I just finished Truancy while sitting in my car waiting form my final visit with my thesis advisor. I have passed out of Thesis I and I’ve registered for Thesis II in the Fall. I’m so close to being done that I can taste it.
Truancy is a really good novel. There are some things that could have been handled better, but over all this going to be a read that I recommend to friends. It has enough action to keep the pages flipping and just enough philosophy and world building to flesh the story out.
A lot happens in this book. I’m still just starting to get my head around it all. Most of the time, I ruin books and short stories by giving away too much of the plot. I don’t really want to do that this time. I think that you’ll want to enjoy it all on your own. Instead, I think that I will go though some of the ideas that characters are struggling with in the novel.
School. What is school? Why go to school? Why is school important? What is the fundamental purpose of school? Why should we want to go to school? Why do we want to send the next generation to school? What should be taught in school? These are the questions that I had to ask myself over and over again while reading Truancy.
The answer that the book as a whole gives, through the plot and the characters, is that school, any way you look at it, is about control. Schools help condition the next generation to become citizens of the larger culture. They teach consequences for things like tardiness – something that a future employer will also not like. They help to break our wild and selfish ways. They prepare us for a world where someone (parents, teachers, bosses) will always hold sway over us. Everyone is accountable to someone else. These are the lessons that come along side of algebra, biology, literature, art.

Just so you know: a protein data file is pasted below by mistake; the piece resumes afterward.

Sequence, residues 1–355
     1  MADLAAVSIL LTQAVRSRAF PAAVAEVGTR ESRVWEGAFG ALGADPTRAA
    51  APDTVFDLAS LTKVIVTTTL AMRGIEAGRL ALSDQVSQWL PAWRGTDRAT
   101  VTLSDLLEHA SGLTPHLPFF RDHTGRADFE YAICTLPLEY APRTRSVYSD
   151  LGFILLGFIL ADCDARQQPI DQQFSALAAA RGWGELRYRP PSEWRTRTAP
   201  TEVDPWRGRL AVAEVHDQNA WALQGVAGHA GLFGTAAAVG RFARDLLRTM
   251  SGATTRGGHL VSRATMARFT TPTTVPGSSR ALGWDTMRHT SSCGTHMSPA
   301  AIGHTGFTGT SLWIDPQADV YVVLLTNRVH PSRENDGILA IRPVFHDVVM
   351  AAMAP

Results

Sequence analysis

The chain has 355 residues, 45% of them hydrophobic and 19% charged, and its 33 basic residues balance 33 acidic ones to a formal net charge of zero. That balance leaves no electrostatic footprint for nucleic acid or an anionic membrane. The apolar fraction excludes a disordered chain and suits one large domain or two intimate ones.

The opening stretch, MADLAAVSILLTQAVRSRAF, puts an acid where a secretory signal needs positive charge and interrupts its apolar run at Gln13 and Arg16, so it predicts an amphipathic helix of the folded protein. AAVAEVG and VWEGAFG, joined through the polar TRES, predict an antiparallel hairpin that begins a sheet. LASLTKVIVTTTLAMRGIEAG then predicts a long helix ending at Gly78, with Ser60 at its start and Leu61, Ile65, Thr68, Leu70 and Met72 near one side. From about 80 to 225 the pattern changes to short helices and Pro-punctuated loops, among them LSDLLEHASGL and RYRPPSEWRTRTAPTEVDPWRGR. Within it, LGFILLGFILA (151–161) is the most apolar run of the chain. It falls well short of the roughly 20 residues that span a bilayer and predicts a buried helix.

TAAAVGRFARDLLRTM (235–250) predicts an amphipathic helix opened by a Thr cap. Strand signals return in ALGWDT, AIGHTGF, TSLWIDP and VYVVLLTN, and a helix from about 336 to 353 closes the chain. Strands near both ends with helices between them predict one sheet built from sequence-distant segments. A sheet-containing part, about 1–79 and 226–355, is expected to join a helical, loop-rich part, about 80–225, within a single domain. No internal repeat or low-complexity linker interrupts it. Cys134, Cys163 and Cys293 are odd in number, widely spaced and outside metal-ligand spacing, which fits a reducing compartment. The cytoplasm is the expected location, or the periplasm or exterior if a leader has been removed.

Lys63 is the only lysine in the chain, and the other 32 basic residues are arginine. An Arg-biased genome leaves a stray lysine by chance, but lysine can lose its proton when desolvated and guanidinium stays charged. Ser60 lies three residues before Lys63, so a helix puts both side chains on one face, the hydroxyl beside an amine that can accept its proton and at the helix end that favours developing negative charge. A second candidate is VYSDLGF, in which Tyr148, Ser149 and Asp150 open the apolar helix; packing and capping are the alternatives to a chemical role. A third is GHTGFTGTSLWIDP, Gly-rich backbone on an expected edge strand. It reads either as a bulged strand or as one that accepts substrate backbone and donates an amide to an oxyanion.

What is the alterative to an ordered school system? I don’t know. However, the book puts forward two ideas about how to bring about change. These ideas are represented by two people that Tack, the main character, runs into. Zyid is the Leader of the Truancy, a rebellion comprised of students who have either been expelled or left school on their own. Zyid believes, well, he says it best:
“We were taught that we could earn anything that we wanted so long as we sacrificed enough of our dignity to do so. We sold ourselves to the Educators, Takan, from the moment we stepped into the classrooms.” Zyid’s face darkened. “Security and happiness are by no means guaranteed to graduates, but the educators would have us believe that they are. They school us into believing that their way is the only way” (320).
That has to be my favorite quote from the entire book. Zyid represents the aggressive angle. The Truancy uses, gorilla, terrorist methods to fight against the Educators. Zyid hands out orders for assassinations and bombings. The body count is enormous.
However, there is another that proposed diffrent path to elicit change. His name is Umasi and he is pacifist. He teaches that change will come in time. Someday, enough students will have graduated who feel the educational system is broken and needs to fixed, and when that day arrives the old system will be replaced.
The problem is that Ziyd sees a system where the graduates become the Educators they hated in school. Just like the hazing of freshmen on Freshmen Friday, the one day where teachers look the other way, while the upper classes hand out a significant beat down. You would think that when freshmen become part of the upper class that they would remember what it was like to be a freshman. But his is not how the world works. They want their turn to mean.
I’m very impressed that this book was written by a high school student. I had all of the feelings that are in this book while I was in school. I just did not have the words.
Who should read it? In short everyone that has been through an oppressive American style school system. The Truancy provides enough critical reflection to help wake up the next generation and help them to at least ask: Why is all this education really important anyway?
My advice, find this book and read it. My feeling is that the Truancy might very well be the beginning of a new social revolution.
For more fun check out the three part review over at Fantasy Debut:
Truancy - Initial Impressions
Truancy: Hard to Put Down
Truancy: Final Review
Take a look at the really cool website: The Truancy.
Stuyvesant student Isamu Fukui is in a class by himself
BY NICOLE LYN PESCE
Saturday, March 8th 2008, 4:00 AM
Fukui, Isamu. Truancy. New York: TOR, 2008